Julie Taymor: Our film, The Glorias, is on Amazon Prime in the United States and Canada. It was supposed to go into movie theatres, but because of Covid it had to change to streaming. But getting that film out was a big part of my time. We premiered at the Sundance Film Festival in January and then I had to finish the end credits; the music. Then we did an enormous amount of press in August and September, and in the meantime I worked with a young screen writer on a new film; an adaptation which we can’t talk about unfortunately yet. And we finished that script. She wrote it, but I guided her. And I just completed this week, an original screenplay that I’ve been working on for five years that I’m very excited about, but I don’t really want to talk about it just yet. I hope I get to make it as theatre and film.
I’ve been asked: ‘What do I feel about the future of live performance.’ I’ve actually been trying to do something in a new kind of theatre that I think is a potential very exciting way to work which is this new project of mine. I would like to work on live theatre and film simultaneously… And often when you have something like, okay the Lion King was a movie. Then it becomes theatre. Many shows like Hamilton begin as live theatre and then they become movies. I have created this new project- again I can’t go into detail- but it started out as theatre- in Asia.
When I was in my early 20s, I spent four years living in Indonesia and travelling through Asia so there’s a lot of Asian inspiration and influence in my work. This particular story starts from an ancient myth in Korea but then it goes into the future. I was going to do it in a new kind of theatre that we were building, working surrounded the audience. They’re on a turntable and it combines 3D and all new technologies in film and theatre. What I believe is; I think you can really create a new kind of theatre that would be safe but would be different…If I created a theatre piece in Johannesburg or Cape Town, people in New York City or California or Tokyo are not going to be able to come and see it…not everyone can get there. It’s very difficult… I think you can have a very different experience in live theatre- in a way more poetic and what the design means, what poetry design means. But I like the idea of using film and theatre. I don’t believe that film should be used just as projections and backgrounds. I believe it can be subject matter moving into dimensionality and into live performance. That is something I would definitely be interested in developing in the future.
TheCapeRobyn: Hybrid- streaming something at the same time –simultaneous – as it’s on live on stage?
Julie Taymor: Well, I don’t know about streaming… We had 1000 people at the premiere of The Glorias at Sundance, screaming, chanting, clapping, standing ovation and now I see it streaming for one person or two. They can get up and go to bathroom; go to the kitchen, break it up into two parts. I don’t think streaming is the equivalent of going to the movies or to the theatre. I think it is a very good thing when you will be able to go to the movies or to the theatre. The one movie I’m doing will be fine in a streaming format. The other movie is an experience. And for that I would still like to potentially be in movie theatres- whatever they may be -in the future.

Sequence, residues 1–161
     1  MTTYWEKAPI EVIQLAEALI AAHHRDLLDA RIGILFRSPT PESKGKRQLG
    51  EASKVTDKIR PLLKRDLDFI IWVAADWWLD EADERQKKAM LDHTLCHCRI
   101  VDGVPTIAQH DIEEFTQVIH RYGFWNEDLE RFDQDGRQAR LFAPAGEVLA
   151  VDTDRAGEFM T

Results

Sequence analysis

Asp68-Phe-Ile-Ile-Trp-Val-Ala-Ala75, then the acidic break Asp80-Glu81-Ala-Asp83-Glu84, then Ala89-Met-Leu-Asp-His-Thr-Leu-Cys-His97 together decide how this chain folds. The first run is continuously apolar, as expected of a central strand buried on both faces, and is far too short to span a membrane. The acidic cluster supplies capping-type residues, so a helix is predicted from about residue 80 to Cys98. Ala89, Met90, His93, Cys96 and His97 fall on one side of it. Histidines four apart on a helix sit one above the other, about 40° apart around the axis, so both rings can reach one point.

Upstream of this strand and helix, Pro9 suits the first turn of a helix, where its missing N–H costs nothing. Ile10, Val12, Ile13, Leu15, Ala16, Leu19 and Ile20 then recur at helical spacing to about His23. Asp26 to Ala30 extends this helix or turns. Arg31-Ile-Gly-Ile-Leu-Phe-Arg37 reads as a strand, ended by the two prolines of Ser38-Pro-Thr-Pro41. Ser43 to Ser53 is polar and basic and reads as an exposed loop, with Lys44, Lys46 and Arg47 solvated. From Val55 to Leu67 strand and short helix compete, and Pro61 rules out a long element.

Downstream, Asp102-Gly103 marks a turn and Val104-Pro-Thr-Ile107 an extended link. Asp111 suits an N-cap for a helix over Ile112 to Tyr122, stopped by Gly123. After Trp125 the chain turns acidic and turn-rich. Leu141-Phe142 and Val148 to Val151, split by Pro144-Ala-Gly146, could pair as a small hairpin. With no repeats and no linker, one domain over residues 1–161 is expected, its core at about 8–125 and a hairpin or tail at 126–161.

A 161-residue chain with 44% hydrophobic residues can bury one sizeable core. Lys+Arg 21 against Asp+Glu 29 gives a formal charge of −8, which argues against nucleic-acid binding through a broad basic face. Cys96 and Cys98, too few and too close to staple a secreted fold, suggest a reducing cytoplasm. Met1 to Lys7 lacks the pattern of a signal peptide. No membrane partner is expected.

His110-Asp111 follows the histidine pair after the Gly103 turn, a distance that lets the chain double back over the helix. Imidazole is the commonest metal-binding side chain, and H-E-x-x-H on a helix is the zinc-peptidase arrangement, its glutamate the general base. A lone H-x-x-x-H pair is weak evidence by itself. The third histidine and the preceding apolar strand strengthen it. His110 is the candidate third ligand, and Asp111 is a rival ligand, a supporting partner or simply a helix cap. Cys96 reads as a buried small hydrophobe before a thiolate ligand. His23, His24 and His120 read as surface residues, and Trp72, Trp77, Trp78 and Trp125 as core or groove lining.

[Nothing beats live but some of Taymor’s projects will be designed to be staged live on stage and/or screened in a cinema as part of an experience, very much with the audience in mind. Some of these works will also be designed to pivot, to be presented as play-back form/streaming as video-on demand for audiences, watching at home or in other cities].
TheCapeRobyn: It won’t be simultaneous – streaming and live?
Julie Taymor: No, it can be simultaneous- but [simultaneous] in movie theatres as opposed to streaming. Streaming means everybody who has access at any time. I still think movies can be event oriented. And yes, I think what you’re saying is ‘playing’, not ‘streaming’- but playing in movie theatres around the world as it’s playing in a theatre. Lion King has been going for 25 years. It didn’t stop the new Lion King animation from making a lot of money and going around. It’s a separate medium. It is different. They are not exactly the same. It is not like I’m going to put a camera on a live theatre performance and just put it into movie theatres. It is two different mediums. I would make them very different. Same story, done differently. Elements might be the same though; elements.
TheCapeRobyn: Reflections about Cape Town and being a part of this design festival?
Julie Taymor I’m thrilled to be a part of a festival like this. I think it’s a wonderful idea and of course I think there are so many exciting things happening in Africa all over that I don’t know enough about. I was in Botswana, but I don’t know enough about the rest of Africa. I’m very interested to be a part of this and hear what other people have cooking. My favourite choreographer in the whole world is Gregory Maqoma. I saw his work in Johannesburg and we met again in New York. I love his work.
I also have a fellowship. I give fellowship awards to young directors, Americans. One of my young directors, an African American, had never been out of the United States and part of his travel studies was to Africa. That was so important to him. I am proud that I was able to give him the trip that I had- when I was his age. This fellowship is called the Taymor World Theatre Fellowship https://www.tjtwtf.com/ It brings American directors, because I think American are too narrow minded. For me- travel- going to Asia, Africa Latin America- is what set me as an artist. I feel as Americans, we get very insular. This is why I started this foundation. They can’t go to Europe; they have to go to non-European based cultures.
*Image credit: Julie Taymor. Photo by Annie Leibovitz, copy supplied by Jonathan Zautner.